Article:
I see. So would it be fair to say you're interested in supporting the party you agree with rather than whether its policies are ever actually implemented? That is, you view elections more as an opportunity to express an opinion rather than as a way to influence the policies of the new government?

My attitude has always been that I'm interested in seeing policies with which I agree implemented, and my best chance of ever achieving this is through one of the two main UK parties.

Of the two, Labour are -- on most issues, at least -- far closer to my views than are the Tories, and even when I don't agree with the Labour Party then, as a member, even if I live in deepest Tory territory (not, I think, that I ever have for more than a year of my life after leaving university, come to think of it, though that's not intentional) I can influence Labour policy through the party's internal mechanisms and decision-making process.

At least I've been able to vote against Corbyn as party leader twice, which is more than people who dislike him but aren't members can do, and I can certainly continue to try to support Remain or at least a second referendum by voting for motions and candidates in internal party elections and encouraging my pro-Remain MP (and, of course, doing what I can to try to make sure he remains my MP).

If, as I'm sometimes tempted to do, I say, "Stuff Corbyn, Milne and that lot. I've sick of them," and go off and join the Lib Dems or the Greens or someone, then who does it help? In my case, no one but the Tories, since neither the Lib Dems nor the Greens are going to win in my constituency in the foreseeable future, but the Tories certainly might. Definitely doesn't help my MP, a very decent guy and good MP, quite apart from his pro-EU views, to get re-elected.

Tell me, if -- as may happen -- we find ourselves facing another general election as members of the EU some time this summer or early Autumn, with someone like Boris Johnson leading the Tories and wanting a no deal Brexit, and Corbyn leading a Labour Party that still maintains what you regard as an unacceptably equivocal position on Brexit, which of Johnson and Corbyn is the least unacceptable to you as PM, bearing in mind that, of the two, a Labour government is far more likely to call a referendum than is a Johnson-led Conservative one?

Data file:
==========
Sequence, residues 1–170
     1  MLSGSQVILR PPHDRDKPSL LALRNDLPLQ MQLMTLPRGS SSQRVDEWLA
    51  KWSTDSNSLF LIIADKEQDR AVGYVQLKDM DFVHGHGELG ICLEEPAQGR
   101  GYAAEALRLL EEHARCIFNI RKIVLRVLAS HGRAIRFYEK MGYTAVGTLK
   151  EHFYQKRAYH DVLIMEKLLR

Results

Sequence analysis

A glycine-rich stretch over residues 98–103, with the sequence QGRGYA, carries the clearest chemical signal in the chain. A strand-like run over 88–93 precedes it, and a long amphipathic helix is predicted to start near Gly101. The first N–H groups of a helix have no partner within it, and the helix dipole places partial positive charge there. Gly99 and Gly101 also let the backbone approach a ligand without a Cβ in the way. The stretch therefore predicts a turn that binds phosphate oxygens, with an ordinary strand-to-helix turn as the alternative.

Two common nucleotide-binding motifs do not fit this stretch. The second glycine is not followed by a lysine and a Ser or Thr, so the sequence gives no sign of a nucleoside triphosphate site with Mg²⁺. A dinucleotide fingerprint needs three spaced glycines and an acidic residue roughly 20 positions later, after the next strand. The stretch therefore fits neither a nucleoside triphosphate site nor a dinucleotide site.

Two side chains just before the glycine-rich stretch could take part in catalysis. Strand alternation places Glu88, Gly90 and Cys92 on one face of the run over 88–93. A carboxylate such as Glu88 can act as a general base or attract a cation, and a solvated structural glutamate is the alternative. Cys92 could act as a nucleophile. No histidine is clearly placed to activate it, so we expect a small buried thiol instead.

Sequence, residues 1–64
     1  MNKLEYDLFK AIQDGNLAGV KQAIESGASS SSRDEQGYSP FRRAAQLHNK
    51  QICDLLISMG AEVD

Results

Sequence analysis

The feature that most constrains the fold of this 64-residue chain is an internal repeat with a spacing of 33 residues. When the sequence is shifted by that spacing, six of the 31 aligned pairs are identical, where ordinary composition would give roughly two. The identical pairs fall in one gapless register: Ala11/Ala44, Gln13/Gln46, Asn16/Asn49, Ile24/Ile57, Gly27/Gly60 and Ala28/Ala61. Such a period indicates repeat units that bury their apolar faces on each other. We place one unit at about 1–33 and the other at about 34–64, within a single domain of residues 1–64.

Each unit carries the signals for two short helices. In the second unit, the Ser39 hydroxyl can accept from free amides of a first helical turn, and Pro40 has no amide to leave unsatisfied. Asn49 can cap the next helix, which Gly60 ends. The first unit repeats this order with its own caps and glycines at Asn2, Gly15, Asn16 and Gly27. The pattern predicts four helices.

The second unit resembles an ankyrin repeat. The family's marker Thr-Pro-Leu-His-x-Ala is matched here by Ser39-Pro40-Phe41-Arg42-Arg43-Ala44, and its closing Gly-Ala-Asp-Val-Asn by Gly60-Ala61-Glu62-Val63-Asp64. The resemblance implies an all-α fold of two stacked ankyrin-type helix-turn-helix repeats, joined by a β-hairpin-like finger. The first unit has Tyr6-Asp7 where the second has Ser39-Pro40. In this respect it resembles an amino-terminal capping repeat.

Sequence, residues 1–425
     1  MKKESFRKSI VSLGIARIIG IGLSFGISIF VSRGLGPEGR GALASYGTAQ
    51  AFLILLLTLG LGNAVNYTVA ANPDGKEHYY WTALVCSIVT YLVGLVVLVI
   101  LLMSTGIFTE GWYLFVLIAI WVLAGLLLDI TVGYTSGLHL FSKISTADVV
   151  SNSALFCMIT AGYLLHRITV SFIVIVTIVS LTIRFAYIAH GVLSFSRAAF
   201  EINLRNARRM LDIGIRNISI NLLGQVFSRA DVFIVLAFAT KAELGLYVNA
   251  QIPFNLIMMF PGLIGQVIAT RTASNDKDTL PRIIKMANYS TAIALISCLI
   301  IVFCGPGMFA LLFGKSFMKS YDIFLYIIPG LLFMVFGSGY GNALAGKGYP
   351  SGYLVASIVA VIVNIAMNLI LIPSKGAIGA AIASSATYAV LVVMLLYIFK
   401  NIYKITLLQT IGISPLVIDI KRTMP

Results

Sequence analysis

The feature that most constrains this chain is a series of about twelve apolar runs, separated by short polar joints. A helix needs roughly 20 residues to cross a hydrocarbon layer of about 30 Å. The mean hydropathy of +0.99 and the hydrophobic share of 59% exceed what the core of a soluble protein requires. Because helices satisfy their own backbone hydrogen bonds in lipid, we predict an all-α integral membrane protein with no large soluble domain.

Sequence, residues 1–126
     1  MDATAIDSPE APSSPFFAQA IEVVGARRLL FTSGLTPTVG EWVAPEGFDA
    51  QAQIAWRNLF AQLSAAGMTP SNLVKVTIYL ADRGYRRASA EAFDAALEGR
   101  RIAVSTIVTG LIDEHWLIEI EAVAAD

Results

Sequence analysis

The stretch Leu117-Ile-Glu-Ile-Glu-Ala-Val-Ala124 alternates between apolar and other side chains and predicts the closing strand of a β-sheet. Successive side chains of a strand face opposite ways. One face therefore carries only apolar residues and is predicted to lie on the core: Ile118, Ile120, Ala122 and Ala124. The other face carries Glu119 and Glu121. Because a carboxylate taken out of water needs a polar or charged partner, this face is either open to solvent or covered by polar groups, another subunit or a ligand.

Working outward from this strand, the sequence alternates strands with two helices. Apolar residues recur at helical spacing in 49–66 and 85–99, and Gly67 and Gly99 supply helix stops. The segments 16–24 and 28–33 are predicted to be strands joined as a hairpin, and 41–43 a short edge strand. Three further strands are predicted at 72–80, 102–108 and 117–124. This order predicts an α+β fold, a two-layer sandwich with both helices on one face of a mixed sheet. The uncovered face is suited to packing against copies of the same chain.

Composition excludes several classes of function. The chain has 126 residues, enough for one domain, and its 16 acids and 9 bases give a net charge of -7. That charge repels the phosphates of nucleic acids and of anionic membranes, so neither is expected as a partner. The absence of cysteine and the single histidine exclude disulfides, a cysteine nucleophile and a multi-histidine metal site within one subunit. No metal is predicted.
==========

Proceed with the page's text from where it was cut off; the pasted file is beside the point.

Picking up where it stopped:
Unless you're somewhere your vote isn't going to make much difference, then it seems to me you're facing a real dilemma -- vote for someone with whose position on the EU you agree, knowing that he or she won't win, or vote for the candidate whose party offers at least some hope of a second referendum, delivered in part by pro-Remain MPs representing Leave-supporting areas?

What's your choice? Unless you live in one of quite a small number of constituencies, the alternative is to vote someone whose views may well be more in tune with your own but who isn't going to be able to do anything to implement them.
 
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Sid

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So two kicks against the can, and we are far enough down the road (again) to talk about the next extension.
[sarcastic mode] Nice [/sarcastic mode].
 
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Innula Zenovka

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One possible course of future events ---

Whatever happens at the head of the race (Brexit Party vs Labour) the Tories suffer a complete rout in the European Elections on Thursday.

A dazed Theresa May nevertheless presents the Withdrawal Agreement bill to the Commons, where it is rejected yet again -- this probably in the same week Donald Trump comes to visit us, just to add to the hilarity and chaos.